Academic journal article
By Bhat, Kiran
Harvard International Review , Vol. 29, No. 1
There isn't much to drink in the desert. Military conflict over water in the Middle East has long been the rule rather than the exception, and control of the resource was a major flashpoint during the Israeli-Arab wars of the late 1960s and early 1970s. Today's most dynamic water debate lies in Egypt, where its historic control of the waters of the Nile River is slowly eroding. Egypt's water security will be tested in the coming years, but the government must resist the temptation to take preemptive action.
For decades, Egypt maintained aggressive control over the Nile by demanding that no efforts be made to impede the river's flow downstream. In 1991, Cairo fueled regional tensions by declaring publicly that it would use force on any nation attempting to impede its utilization of the Nile's waters. Its stance appeared to soften in February 1999, when the ten countries that share the Nile Basin--Egypt, Burundi, Democratic Republic of Congo, Eritrea, Ethiopia, Kenya, Sudan, Tanzania, Uganda and Rwanda--formed the Nile Basin Initiative (NBI), a toothless organization dedicated to discussing fair distribution of the river's waters. Since the NBI's formation, several projects have been started by the upstream nations to utilize water flow. Tanzania commenced a US$27.6 billion project to build a pipeline extracting freshwater from a source of the Nile, Lake Victoria. Meanwhile, Uganda and Kenya have expressed interest in building a hydroelectric dam along the river.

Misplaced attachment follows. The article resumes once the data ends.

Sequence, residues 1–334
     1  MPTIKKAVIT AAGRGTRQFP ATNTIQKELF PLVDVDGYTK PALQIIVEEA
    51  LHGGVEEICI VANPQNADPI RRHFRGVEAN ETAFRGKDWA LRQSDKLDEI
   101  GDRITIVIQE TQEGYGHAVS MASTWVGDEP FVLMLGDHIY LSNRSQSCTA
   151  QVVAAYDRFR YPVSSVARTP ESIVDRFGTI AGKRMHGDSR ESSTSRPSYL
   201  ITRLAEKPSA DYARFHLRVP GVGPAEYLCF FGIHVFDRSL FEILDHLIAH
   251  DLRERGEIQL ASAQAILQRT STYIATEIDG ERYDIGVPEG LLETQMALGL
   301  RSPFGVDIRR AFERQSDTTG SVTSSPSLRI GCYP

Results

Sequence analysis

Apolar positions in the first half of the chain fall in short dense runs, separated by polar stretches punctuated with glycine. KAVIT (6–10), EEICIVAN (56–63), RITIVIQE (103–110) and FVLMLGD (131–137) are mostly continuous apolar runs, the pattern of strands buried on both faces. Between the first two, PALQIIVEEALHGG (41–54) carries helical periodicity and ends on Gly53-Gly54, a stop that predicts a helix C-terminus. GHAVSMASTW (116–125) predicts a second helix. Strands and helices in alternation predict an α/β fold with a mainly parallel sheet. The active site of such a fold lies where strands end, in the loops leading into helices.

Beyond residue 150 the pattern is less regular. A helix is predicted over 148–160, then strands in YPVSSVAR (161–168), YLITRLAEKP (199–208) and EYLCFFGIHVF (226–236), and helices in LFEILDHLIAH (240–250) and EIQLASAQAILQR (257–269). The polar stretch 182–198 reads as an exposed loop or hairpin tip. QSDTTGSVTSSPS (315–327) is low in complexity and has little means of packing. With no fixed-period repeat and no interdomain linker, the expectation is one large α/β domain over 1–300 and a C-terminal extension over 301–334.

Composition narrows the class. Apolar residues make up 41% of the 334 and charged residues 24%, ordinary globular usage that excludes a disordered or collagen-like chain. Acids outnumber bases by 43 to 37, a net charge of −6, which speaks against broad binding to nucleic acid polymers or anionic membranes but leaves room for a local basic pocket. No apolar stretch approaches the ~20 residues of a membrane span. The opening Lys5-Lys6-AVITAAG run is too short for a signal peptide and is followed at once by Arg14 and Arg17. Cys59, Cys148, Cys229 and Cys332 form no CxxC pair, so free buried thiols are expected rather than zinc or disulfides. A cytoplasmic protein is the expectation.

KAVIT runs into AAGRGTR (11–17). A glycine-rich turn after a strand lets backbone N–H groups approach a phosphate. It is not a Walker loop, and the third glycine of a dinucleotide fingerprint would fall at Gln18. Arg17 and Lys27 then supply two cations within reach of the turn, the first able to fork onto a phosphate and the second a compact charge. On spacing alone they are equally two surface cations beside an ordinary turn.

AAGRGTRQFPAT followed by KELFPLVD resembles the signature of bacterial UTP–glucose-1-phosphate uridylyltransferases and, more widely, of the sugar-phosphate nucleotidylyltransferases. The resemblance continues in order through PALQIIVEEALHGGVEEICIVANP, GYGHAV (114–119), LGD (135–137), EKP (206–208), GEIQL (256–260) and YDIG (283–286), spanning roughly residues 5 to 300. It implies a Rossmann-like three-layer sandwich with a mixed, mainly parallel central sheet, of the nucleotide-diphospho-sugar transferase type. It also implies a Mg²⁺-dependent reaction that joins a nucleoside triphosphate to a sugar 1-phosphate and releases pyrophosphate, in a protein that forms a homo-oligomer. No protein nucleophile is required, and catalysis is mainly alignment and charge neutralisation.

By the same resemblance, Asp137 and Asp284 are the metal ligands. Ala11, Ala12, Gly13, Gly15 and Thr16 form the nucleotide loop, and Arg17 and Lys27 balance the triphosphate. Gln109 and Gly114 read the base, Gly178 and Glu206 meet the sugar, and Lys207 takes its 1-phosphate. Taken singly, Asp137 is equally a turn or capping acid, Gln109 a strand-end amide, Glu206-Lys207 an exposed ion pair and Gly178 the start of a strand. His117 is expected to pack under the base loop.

These are scary prospects for Egypt, especially considering the lack of information it has received on these projects in terms of water allocation. The state newspaper Al-Ahram has openly declared that their government has no details of how much of Egypt's water will be lost due to proposed Nile utilization projects. If other basin nations follow the lead of Tanzania and Uganda, the situation may put hardliners concerned with Egypt's water security on edge. Some 85 percent of the country's water comes from the Nile; a recent column in Al-Ahram warned that the agricultural way of life could come to an end with reduced water quotas.
A drop in water quotas by a small amount could actually be good for Egypt in that it would help hasten the conversion of the country's economy from agriculture to manufacturing and services. The nation's water security advocates, however, are not likely to see this argument in the face of a threat to Egypt's supply of a vital resource. …